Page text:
The Heritage Foundation’s Hans A. von Spakovsky, writing in the Washington Examiner, explains how the cooperation to turn out employees of Harrah’s casinos to vote for Senate Majority Leader Harry Reid is illegal:
As National Review reported earlier this week, the Reid campaign sent a desperate e-mail to the senior vice president for government relations at Harrah’s Casinos asking the company to pressure its employees to get out and vote for Reid. The campaign even offered to have Reid call Harrah’s executives to help give “the backing” needed to get the company working on this.
The Reid staffer involved told Harrah’s it needed to “put a headlock” on its supervisors “to get them to follow through….”
Harrah’s did just that, getting headcounts and insisting that supervisors explain why their employees had not yet voted. They also coordinated with employee unions to get buses and shuttles to take the employees to the polls….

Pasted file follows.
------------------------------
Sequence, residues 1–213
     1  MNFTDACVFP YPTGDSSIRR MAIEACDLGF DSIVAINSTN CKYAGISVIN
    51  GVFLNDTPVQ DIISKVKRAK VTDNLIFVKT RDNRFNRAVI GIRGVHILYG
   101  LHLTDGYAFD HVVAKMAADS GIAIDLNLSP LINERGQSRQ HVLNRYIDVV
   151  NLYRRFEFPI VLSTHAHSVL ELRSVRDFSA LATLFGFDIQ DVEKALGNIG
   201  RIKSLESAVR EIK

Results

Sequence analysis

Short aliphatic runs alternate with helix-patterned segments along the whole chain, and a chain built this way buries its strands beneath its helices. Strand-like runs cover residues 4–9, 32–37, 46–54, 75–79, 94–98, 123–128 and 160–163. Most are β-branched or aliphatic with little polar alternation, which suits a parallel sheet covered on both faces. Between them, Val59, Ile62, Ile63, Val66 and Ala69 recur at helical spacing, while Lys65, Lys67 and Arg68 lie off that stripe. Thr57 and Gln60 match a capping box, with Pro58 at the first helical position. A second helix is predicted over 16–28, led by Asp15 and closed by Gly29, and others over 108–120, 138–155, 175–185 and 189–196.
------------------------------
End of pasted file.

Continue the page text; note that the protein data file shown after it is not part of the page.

Harrah’s executives were apparently threatening employees who had not voted, and were coercing them to vote for a particular senatorial candidate. The obvious implication for anyone receiving these Harrah’s e-mails or having a “headlock” put on them was possible reprisals and adverse employment consequences if they did not cooperate in getting out the vote (and vote) for Reid.
The Justice Department’s handbook on election crimes for prosecutors makes clear that it is criminal to engage in “conduct intended to force prospective voters to vote against their preferences, or refrain from voting, through activity reasonably calculated to instill some form of fear.”
And does anyone think this was the only entertainment company the campaign pleaded with in this manner? The media attributed Reid’s victory to a much-heralded “ground game” — if you don’t vote, we’ll ground you into a pulp.
This can’t stay in Vegas.